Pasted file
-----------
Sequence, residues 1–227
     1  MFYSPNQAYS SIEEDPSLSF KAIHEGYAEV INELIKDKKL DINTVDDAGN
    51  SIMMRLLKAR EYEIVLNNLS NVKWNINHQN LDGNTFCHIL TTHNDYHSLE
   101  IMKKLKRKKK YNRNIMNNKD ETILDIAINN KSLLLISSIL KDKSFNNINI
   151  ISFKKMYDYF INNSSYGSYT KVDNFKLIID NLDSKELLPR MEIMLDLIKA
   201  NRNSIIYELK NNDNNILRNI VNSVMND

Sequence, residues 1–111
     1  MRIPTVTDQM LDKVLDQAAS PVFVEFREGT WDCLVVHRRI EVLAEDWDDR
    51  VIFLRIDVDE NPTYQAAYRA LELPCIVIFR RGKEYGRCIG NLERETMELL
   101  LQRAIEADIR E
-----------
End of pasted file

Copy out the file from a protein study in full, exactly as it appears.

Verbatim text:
Sequence, residues 1–227
     1  MFYSPNQAYS SIEEDPSLSF KAIHEGYAEV INELIKDKKL DINTVDDAGN
    51  SIMMRLLKAR EYEIVLNNLS NVKWNINHQN LDGNTFCHIL TTHNDYHSLE
   101  IMKKLKRKKK YNRNIMNNKD ETILDIAINN KSLLLISSIL KDKSFNNINI
   151  ISFKKMYDYF INNSSYGSYT KVDNFKLIID NLDSKELLPR MEIMLDLIKA
   201  NRNSIIYELK NNDNNILRNI VNSVMND

Sequence, residues 1–111
     1  MRIPTVTDQM LDKVLDQAAS PVFVEFREGT WDCLVVHRRI EVLAEDWDDR
    51  VIFLRIDVDE NPTYQAAYRA LELPCIVIFR RGKEYGRCIG NLERETMELL
   101  LQRAIEADIR E